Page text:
You’ll never get it all in a camera lens, but you can try. Just don’t get too caught up in Instagramming your trip: Compose some memorable shots, then put down the camera and take in the scenery with nothing between you and the view.
Grand Canyon of the Yellowstone: Here, plunging polychrome rock walls frame two of the most powerful waterfalls for hundreds of miles: 308-foot Lower Falls and 109-foot Upper Falls. Excellent views await along both the North and South Rims of the canyon, but Artist Point, at the end of South Rim Drive, offers a picture-perfect distant look at Lower Falls. For a closer look, brave the metal staircase of Uncle Tom’s Trail, which dives deep into the canyon itself. On the North Rim, Inspiration Point delivers an equally impressive view.
Lamar Valley: If it’s wildlife you seek, then make tracks to this expansive valley on the park’s northeast side. Your chances of spotting at least some of Yellowstone’s charismatic megafauna—including grizzly bears, wolves, elk, bison—are very high, especially if you visit at dawn and dusk. Multiple pullouts along the park road provide vantage points to set up your spotting scope or binoculars.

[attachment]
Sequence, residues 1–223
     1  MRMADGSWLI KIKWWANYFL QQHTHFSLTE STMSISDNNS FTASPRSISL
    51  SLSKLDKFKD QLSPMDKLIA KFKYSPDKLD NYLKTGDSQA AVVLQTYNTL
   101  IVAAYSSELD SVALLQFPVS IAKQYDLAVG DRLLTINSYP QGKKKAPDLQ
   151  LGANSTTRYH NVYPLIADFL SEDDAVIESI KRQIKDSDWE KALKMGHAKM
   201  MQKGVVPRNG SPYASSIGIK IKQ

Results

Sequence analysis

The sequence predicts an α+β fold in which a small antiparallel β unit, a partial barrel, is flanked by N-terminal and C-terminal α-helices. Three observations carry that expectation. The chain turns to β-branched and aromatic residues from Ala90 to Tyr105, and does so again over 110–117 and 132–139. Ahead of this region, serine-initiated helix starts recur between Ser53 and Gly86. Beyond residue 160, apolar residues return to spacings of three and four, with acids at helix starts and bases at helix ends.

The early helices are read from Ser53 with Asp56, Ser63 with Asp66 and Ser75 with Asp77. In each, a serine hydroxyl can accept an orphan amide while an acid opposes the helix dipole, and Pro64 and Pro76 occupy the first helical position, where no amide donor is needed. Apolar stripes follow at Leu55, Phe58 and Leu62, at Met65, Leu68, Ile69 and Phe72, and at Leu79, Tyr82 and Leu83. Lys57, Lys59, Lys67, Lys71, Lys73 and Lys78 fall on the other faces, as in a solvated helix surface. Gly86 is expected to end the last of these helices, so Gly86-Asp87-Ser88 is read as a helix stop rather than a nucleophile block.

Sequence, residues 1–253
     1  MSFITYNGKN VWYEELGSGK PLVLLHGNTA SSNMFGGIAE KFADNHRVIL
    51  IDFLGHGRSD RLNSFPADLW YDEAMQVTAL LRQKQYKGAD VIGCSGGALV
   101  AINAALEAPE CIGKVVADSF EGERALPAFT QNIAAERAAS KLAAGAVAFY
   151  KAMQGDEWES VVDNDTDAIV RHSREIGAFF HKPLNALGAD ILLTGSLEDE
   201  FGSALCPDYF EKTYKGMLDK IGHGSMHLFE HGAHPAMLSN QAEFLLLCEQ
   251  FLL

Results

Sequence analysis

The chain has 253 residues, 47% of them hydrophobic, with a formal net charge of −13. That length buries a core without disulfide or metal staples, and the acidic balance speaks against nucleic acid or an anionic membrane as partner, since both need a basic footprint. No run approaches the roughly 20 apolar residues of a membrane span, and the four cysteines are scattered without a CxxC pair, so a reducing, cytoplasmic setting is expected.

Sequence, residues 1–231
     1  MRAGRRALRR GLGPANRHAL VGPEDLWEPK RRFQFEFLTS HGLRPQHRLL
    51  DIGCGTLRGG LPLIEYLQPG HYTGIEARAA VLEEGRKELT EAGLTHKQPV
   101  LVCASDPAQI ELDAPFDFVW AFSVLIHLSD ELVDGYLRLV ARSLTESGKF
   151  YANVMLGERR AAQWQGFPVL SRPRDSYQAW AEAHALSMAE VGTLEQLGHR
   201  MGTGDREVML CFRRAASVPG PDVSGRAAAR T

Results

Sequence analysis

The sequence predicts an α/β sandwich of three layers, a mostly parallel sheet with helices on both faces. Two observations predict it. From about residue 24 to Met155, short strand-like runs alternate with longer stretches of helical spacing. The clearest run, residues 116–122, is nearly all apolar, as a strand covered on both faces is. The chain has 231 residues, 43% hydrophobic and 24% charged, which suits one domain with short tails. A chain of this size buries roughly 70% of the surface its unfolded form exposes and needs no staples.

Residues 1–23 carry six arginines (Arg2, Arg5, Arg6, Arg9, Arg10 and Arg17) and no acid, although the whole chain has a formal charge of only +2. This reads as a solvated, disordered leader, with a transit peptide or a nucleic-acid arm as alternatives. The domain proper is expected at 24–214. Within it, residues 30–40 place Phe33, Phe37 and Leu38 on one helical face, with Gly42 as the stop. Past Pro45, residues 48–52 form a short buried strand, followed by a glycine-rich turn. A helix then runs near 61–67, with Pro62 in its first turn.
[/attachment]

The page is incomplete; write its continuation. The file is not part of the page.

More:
Mount Washburn: For one of the finest top-down views over Yellowstone, hike to the top of this 10,243-foot summit. From the windswept peak, you’ll see the Grand Canyon of the Yellowstone slicing into the earth, the rolling Lamar and Hayden Valleys, and all the way to the Tetons.
Yellowstone Lake: Sunrise over Yellowstone Lake is stunningly beautiful (especially if there’s fog on the lake), whether you watch it from the sunroom at the Lake Yellowstone Hotel, the front porch at Lake Lodge or, even better, from a campsite along the southern wilderness shore. For an equally spectacular sunset view, drive 10 miles east of the hotels to Lake Butte Overlook.
Note: This information was accurate when it was published, but can change without notice. Please be sure to confirm all rates and details directly with the companies in question before planning your trip.